What can you see? What do you notice? What questions can you ask?

I found these clocks in the Arts Centre at the University of Warwick intriguing - do they really need four clocks and what times would be ambiguous with only two or three of them?

A game for 2 people. Take turns joining two dots, until your opponent is unable to move.

Exploring and predicting folding, cutting and punching holes and making spirals.

Billy's class had a robot called Fred who could draw with chalk held underneath him. What shapes did the pupils make Fred draw?

Can you fit the tangram pieces into the outline of this sports car?

Can you fit the tangram pieces into the outline of this goat and giraffe?

Looking at the picture of this Jomista Mat, can you decribe what you see? Why not try and make one yourself?

This article looks at levels of geometric thinking and the types of activities required to develop this thinking.

Can you fit the tangram pieces into the outline of these convex shapes?

Can you fit the tangram pieces into the outline of this junk?

Try to picture these buildings of cubes in your head. Can you make them to check whether you had imagined them correctly?

Can you fit the tangram pieces into the outline of Mai Ling?

Can you fit the tangram pieces into the outline of Wai Ping, Wah Ming and Chi Wing?

Can you fit the tangram pieces into the outline of these rabbits?

Can you fit the tangram pieces into the outline of this plaque design?

Eight children each had a cube made from modelling clay. They cut them into four pieces which were all exactly the same shape and size. Whose pieces are the same? Can you decide who made each set?

Can you cut up a square in the way shown and make the pieces into a triangle?

Can you fit the tangram pieces into the outline of the rocket?

A cheap and simple toy with lots of mathematics. Can you interpret the images that are produced? Can you predict the pattern that will be produced using different wheels?

Use the lines on this figure to show how the square can be divided into 2 halves, 3 thirds, 6 sixths and 9 ninths.

Can you fit the tangram pieces into the outlines of the chairs?

Can you fit the tangram pieces into the outlines of the lobster, yacht and cyclist?

Can you fit the tangram pieces into the outline of the child walking home from school?

Can you fit the tangram pieces into the outline of this shape. How would you describe it?

Can you fit the tangram pieces into the outlines of Mai Ling and Chi Wing?

Make a cube out of straws and have a go at this practical challenge.

Can you fit the tangram pieces into the outlines of the watering can and man in a boat?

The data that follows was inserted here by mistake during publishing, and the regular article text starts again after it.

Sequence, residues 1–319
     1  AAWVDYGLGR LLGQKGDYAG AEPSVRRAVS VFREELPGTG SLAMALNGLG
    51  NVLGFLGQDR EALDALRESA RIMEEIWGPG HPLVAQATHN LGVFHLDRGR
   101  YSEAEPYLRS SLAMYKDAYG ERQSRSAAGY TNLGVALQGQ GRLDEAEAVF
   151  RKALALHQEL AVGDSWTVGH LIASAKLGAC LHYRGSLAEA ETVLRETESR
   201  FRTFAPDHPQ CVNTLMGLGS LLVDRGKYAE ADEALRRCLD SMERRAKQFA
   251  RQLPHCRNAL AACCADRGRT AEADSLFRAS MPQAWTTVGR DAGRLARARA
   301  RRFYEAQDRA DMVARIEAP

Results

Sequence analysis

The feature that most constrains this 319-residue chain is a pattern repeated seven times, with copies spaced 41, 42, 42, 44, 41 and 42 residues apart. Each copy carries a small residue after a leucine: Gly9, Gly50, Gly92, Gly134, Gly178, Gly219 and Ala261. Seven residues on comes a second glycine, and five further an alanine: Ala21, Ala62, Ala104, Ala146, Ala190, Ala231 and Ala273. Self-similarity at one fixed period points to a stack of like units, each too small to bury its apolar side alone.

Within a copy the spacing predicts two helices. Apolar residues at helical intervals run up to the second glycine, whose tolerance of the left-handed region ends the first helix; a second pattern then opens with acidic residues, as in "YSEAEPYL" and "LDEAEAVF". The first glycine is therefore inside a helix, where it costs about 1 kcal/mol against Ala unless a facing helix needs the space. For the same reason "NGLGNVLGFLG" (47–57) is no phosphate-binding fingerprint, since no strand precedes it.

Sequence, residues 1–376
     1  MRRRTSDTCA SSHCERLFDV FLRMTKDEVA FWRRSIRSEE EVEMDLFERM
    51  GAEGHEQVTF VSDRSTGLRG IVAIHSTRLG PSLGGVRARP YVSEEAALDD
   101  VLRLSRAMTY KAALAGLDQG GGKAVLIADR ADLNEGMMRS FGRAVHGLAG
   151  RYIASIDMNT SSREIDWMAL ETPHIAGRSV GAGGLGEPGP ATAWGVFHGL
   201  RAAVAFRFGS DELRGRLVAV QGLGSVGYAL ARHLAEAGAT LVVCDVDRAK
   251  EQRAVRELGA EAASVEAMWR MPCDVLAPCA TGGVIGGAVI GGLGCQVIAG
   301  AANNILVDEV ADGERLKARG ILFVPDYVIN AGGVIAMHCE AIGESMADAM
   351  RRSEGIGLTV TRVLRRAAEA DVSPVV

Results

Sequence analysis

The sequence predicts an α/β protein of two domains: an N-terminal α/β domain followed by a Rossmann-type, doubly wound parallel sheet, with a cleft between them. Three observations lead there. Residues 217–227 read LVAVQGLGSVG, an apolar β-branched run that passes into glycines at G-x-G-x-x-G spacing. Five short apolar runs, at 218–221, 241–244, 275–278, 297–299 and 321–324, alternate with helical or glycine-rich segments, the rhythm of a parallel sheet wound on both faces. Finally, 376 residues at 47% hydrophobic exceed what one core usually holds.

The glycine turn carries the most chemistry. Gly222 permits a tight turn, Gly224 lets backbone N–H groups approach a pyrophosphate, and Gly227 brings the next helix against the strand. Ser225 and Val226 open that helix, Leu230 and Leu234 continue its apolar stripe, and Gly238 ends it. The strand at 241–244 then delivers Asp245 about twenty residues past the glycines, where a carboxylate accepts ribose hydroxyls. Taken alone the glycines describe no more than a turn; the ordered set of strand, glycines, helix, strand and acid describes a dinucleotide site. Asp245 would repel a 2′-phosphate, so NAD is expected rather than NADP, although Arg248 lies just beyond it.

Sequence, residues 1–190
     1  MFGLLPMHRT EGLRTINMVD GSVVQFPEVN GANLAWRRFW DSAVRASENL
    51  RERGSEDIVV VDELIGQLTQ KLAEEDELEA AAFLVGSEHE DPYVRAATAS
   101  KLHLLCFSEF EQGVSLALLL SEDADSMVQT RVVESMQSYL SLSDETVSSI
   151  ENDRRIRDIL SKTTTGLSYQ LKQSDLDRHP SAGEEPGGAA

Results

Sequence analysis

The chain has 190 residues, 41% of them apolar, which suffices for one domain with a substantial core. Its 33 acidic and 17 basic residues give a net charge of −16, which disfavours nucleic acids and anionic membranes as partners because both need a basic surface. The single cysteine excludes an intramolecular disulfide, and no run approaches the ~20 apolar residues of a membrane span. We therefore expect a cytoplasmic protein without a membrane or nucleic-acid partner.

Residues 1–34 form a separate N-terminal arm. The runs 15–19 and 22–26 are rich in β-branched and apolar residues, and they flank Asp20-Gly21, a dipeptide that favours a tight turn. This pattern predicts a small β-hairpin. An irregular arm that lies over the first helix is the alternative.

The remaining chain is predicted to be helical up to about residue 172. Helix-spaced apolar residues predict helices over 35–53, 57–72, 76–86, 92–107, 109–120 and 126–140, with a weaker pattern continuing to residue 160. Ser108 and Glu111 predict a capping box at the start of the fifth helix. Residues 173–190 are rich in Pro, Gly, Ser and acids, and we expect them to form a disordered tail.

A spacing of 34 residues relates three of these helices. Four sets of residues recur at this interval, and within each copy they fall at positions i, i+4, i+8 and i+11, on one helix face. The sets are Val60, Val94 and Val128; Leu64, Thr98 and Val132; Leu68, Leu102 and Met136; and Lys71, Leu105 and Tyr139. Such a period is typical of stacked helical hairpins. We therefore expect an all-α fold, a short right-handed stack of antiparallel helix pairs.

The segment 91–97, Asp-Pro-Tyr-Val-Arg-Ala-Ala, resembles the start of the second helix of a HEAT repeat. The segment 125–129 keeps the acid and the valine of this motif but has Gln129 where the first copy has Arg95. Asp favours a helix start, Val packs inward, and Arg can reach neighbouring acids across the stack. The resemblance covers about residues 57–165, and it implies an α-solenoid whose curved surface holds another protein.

Can you fit the tangram pieces into the outlines of the candle and sundial?

Can you fit the tangram pieces into the outlines of these clocks?

Can you fit the tangram pieces into the outline of this telephone?

Can you fit the tangram pieces into the outlines of the workmen?

Can you fit the tangram pieces into the outline of Little Ming and Little Fung dancing?

Can you fit the tangram pieces into the outline of Little Ming playing the board game?

Can you fit the tangram pieces into the outline of Little Fung at the table?

Can you fit the tangram pieces into the outlines of these people?

Can you fit the tangram pieces into the outline of this brazier for roasting chestnuts?

Here's a simple way to make a Tangram without any measuring or ruling lines.

Can you fit the tangram pieces into the outline of the telescope and microscope?

How many pieces of string have been used in these patterns? Can you describe how you know?

What happens to the area of a square if you double the length of the sides? Try the same thing with rectangles, diamonds and other shapes. How do the four smaller ones fit into the larger one?

Paint a stripe on a cardboard roll. Can you predict what will happen when it is rolled across a sheet of paper?

This is the first article in a series which aim to provide some insight into the way spatial thinking develops in children, and draw on a range of reported research. The focus of this article is the. . . .

How many loops of string have been used to make these patterns?

We're excited about this new program for drawing beautiful mathematical designs. Can you work out how we made our first few pictures and, even better, share your most elegant solutions with us?

Have you ever tried tessellating capital letters? Have a look at these examples and then try some for yourself.

This challenge involves eight three-cube models made from interlocking cubes. Investigate different ways of putting the models together then compare your constructions.

What are the next three numbers in this sequence? Can you explain why are they called pyramid numbers?

This second article in the series refers to research about levels of development of spatial thinking and the possible influence of instruction.